How does Angel Flight Work?
We work with our team of generous volunteers in the sky and on the ground to transfer passengers from their nearest airport, to the relevant medical facilities anywhere in Australia. All flights are free for passengers.
Our flights are not emergency flights, and our pilots do not carry aeromedical staff or medical equipment.
How to request a flight with Angel Flight
Arranging a flight with Angel Flight starts with a health professional, such as a medical practitioner, nurse or social worker. To refer passengers to Angel Flight, health professionals must first register with Angel Flight. It’s quick and easy to register online – click here to register as a health professional.
Once registered, health professionals familiar with their patient’s condition must consider our eligibility criteria before referring passengers to Angel Flight. To meet our guidelines, adult passengers must be medically stable and physically able to enter and exit a small aircraft (involving large steps, twists, bends) without assistance; sit up in the aircraft with a seatbelt on for an extended period of time; and if necessary communicate with the pilot. Young and disabled children must be accompanied by an adult capable of moving the child in and out of the aircraft.
If you are uncertain if you meet our guidelines, please feel free to contact us.
Depending on the locations involved, we require 5 – 10 working days’ notice for transport assistance.
Once we have received a referral and approved the passenger, we invite applications from our generous volunteer pilots and drivers. We will then notify the referrer and passenger of all arrangements once finalised.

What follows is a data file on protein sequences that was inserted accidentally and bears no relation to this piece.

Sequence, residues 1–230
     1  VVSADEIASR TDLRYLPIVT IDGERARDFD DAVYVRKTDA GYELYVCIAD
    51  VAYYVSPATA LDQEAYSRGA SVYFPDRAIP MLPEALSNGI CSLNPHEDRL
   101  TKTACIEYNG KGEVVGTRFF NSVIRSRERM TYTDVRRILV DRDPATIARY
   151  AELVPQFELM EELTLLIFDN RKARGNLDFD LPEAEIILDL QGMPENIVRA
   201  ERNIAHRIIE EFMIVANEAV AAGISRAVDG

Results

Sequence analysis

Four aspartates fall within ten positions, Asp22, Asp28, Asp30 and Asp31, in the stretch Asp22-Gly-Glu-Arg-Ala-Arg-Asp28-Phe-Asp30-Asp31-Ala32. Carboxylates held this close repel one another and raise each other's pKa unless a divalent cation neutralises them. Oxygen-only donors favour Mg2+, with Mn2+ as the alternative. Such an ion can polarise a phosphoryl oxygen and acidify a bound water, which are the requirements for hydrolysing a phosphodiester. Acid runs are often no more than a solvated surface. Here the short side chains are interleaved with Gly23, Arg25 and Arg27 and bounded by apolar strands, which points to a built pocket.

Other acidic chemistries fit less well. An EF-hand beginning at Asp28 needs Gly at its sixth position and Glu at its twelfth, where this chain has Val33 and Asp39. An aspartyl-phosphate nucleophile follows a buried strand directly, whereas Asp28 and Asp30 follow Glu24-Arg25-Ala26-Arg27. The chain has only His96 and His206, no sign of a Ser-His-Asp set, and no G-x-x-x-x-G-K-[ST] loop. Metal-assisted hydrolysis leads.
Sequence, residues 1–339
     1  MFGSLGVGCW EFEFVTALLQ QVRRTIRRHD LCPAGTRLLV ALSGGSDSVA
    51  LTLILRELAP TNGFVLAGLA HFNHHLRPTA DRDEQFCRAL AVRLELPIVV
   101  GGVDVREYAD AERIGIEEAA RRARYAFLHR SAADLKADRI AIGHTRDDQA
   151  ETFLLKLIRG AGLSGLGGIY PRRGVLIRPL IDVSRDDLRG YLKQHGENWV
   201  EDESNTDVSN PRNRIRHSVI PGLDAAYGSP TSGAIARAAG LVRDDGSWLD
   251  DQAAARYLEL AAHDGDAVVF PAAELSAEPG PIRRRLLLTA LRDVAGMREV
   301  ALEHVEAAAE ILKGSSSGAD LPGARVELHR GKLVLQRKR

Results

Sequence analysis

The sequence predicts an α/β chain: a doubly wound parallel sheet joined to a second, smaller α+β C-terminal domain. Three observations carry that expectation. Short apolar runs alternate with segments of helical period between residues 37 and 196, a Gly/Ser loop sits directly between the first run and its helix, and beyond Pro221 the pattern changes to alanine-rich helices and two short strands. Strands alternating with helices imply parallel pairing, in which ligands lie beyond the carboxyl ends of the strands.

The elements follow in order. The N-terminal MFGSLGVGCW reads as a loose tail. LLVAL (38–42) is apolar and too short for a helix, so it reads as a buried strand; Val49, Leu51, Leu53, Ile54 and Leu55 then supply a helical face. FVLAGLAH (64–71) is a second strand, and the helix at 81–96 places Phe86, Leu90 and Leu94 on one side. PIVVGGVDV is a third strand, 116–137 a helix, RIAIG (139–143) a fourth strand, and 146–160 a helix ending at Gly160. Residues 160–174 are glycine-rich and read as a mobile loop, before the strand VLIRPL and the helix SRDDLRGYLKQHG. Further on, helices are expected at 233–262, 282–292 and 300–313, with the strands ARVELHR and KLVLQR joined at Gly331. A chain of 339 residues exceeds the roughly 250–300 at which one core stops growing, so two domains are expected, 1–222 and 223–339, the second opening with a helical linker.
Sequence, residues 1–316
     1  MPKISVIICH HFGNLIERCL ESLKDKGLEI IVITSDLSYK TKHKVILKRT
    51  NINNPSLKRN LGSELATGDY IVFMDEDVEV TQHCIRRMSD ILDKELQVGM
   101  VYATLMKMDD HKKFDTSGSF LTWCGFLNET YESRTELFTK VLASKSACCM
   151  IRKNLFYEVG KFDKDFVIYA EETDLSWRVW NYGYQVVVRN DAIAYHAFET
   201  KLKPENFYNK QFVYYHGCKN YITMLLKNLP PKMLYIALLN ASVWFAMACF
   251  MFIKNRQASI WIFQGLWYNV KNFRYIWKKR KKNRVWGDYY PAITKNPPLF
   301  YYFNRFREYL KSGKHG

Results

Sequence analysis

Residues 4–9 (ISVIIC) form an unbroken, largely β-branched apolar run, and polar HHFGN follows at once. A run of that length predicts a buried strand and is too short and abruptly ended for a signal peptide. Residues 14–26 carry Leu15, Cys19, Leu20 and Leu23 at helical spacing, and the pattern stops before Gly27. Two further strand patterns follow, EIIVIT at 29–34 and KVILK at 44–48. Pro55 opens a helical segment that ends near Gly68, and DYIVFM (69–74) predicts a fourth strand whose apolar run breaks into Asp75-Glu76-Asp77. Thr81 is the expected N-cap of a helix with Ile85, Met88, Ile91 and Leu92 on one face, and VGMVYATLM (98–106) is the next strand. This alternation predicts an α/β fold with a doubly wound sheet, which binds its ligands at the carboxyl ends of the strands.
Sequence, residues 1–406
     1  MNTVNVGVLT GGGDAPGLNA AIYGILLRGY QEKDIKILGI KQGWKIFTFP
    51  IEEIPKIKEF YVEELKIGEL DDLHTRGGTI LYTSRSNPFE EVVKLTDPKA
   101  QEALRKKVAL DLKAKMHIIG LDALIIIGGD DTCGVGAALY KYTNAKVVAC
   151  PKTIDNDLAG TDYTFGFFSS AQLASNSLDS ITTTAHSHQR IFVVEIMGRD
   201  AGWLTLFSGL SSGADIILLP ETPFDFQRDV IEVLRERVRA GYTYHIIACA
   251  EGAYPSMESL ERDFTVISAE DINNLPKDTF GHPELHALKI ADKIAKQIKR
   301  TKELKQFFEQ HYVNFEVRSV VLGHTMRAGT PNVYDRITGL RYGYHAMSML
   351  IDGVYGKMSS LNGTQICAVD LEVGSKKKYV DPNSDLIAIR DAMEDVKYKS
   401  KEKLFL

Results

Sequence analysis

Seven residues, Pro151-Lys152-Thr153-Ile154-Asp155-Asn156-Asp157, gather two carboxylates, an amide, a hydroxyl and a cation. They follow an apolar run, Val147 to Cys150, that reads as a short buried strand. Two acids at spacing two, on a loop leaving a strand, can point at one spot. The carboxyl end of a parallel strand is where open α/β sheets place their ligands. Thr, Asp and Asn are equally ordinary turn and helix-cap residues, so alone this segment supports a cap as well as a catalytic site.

If you are someone who requires medical treatment and would like to request a flight with Angel Flight, speak to your health professional about referring you.
Travelling with Angel Flight isn’t the same as travelling with a commercial airline. To meet our guidelines, passengers must be medically stable, ambulatory and physically able to enter and exit a small aircraft (involving large steps, twists, bends) without assistance from the pilot, and sit up in the aircraft with a seatbelt on for an extended period of time. They must also be able to communicate with the pilot, although carers may be able to assist with this. Children must always be accompanied by an adult, who can assist with entry, exit and other needs of the child. We encourage a friend or relative to travel with the patient.
Flights are conducted by volunteer pilots in their own aircraft. Volunteer pilots come from all walks of life and donate their time, their skills and most of their aircraft costs for each flight. Our volunteer pilot flight credentials exceed the requirements of the Civil Aviation Safety Authority (CASA) for the carriage of passengers, and the aircraft meet specified CASA and insurance minimums.
There’s nothing like having a friendly face waiting when you arrive. When your aircraft lands at the relevant airport, volunteer drivers may be available to provide ground transportation to the medical facility and back. Ground transport is not provided in the passenger’s home town, for example from your home to the local airport.
Have more questions? Check out our Frequently Asked Questions.
TAKING HEALTH PROFESSIONALS INTO RURAL AUSTRALIA
For too many remote communities, access to much-needed health care is out of reach and there is a gap in the market for consistent and familiar medical professionals who both work and live in the community. Angel Flight and Ochre Health, are addressing this issue by bringing medical professionals in to live and work in rural communities, offering access to flights to and from ‘home base’ when required.
STUDENT PLACEMENT PROGRAM
Angel Flight is now in discussions with several universities to expand the placements pilot into the other regions following the success of the South Australian trial. James Cook University alone has a requirement to place 3000 plus health students into rural, regional and remote communities annually and Angel Flight’s aim is to support these students.